Former football players and soldiers, as well as neuroscience experts, are set to participate in a conference next month at the University of Mississippi, which has a groundbreaking Ph.D. program to train education professionals to help speed recovery from traumatic brain injuries.
In 2014, the UM School of Education launched a doctoral program in special education with a curriculum that includes courses in Cognitive Neuroscience, the Learning Brain and the Mind. Drawing on the resources of this program, the university will bring experts to the Oxford Conference Center Oct. 19-20 for “Neuroscience and Learning: Healing the Injured Brain.”
Roy J. Thurston, UM assistant professor of special education whose research focuses on neuroscience and cognition, organized the conference, which is expected to attract professionals from the fields of health care, pharmacy, research, academia and education.
“We want to explore the impact injuries such as concussions have on memory, learning and a person’s ability to reintegrate back into the classroom, athletics, career and society as a whole,” Thurston said. “This conference will show how an interdisciplinary approach to these issues is being met by researchers, and how it can benefit survivors, families, educators and medical and athletics professionals.”
Concussions and other head injuries, including those suffered by football players and military personnel in combat, have attracted widespread attention in recent years and have challenged medicine and science professionals to find answers. The conference will offer opportunities to hear about the experiences of those who were injured both in sports and combat and who have struggled to recover from traumatic brain injuries, or TBI.
Dr. Esther Sternberg, director of research at the University of Arizona, is the conference’s keynote speaker. She is the author of “Healing Spaces: The Science and Place of Well Being,” which explores the idea of how distractions and distortions around a person, including colors and sounds, could shake up the brain’s healing chemistry, and whether surroundings have healing powers.
The agenda also includes discussions on the effects of lighting on classrooms, the future of neuroscience, cognition and injury, and neuropsychology therapy.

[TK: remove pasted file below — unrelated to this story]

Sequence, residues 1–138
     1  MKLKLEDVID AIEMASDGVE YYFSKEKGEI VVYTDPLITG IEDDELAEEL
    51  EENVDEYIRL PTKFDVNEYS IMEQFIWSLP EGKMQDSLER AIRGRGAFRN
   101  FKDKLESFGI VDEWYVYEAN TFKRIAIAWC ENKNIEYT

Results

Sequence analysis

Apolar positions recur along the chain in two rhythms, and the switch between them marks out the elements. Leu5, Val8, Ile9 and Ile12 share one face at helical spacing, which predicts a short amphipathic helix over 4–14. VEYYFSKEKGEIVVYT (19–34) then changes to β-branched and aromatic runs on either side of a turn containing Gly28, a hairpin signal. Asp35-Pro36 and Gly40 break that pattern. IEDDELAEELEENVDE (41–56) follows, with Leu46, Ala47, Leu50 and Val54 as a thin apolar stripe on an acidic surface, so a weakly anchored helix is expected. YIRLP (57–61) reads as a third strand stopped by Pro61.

Thurston will discuss memory and learning and talk about his research, as well as how UM is training professionals to help victims of TBI recover. The conference is made possible by a generous donation from Dr. Carl Lindgren, of Courtland.
The special education doctoral program has multiple components. One helps students learn how the brain works, while other sections of the curriculum deal with literacy, diversity and behaviors. Neurosciences are studied in all areas of the new program.
One of only three programs of its kind in the nation, the UM curriculum is designed to train professionals to help those with traumatic brain injuries recover better. The program trains educators to use therapies that incorporate mathematics, language and other subjects to speed and improve recovery.
Thurston’s research is in cognitive rehabilitation of people with traumatic brain injuries and also in neuroscience applications to education. He previously worked in Canadian hospitals, where he tested patients with brain injuries, looking at how they performed in math, language and other subjects. Those tests and therapies helped patients exercise their brains, which sped up their recovery, he said.
“The more you socialize with the people, the faster you heal,” Thurston said. “Experts are doing clinical studies. They don’t understand it physiologically, but we would see people come into our classroom and as soon as they got to talk and interact with each other and help each other with tasks, their mood affect would go up. They would also heal faster and set goals for themselves and they weren’t depressed all the time.”
Students who pursue the UM doctorate can work in a variety of settings, including K-12 education, rehabilitation systems and hospital environments.
The university’s Department of Intercollegiate Athletics and schools of Medicine, Pharmacy and Education are helping with the conference, along with Dr. Michael Lehman, head of neuroscience at the UM Medical Center.
David D. Allen, UM pharmacy dean, said he is “very excited about this conference and the opportunity to have three schools at Ole Miss working together.”
David Rock, dean of the School of Education, expressed thanks to Lindgren’s support, as well as the support of other university departments and schools.
“This is an exciting opportunity for professionals in the areas of education and medicine to share, collaborate and learn from experts in the field,” Rock said. “We hope this event will grow to become a nationally recognized conference in neuroscience and education.”
Registration is $50 for the general public and $25 for students. Continuing education credits are available for attendees. For more information or to register for the conference, visit this link.
Courtesy of Micheal Newsom and the Ole Miss News Desk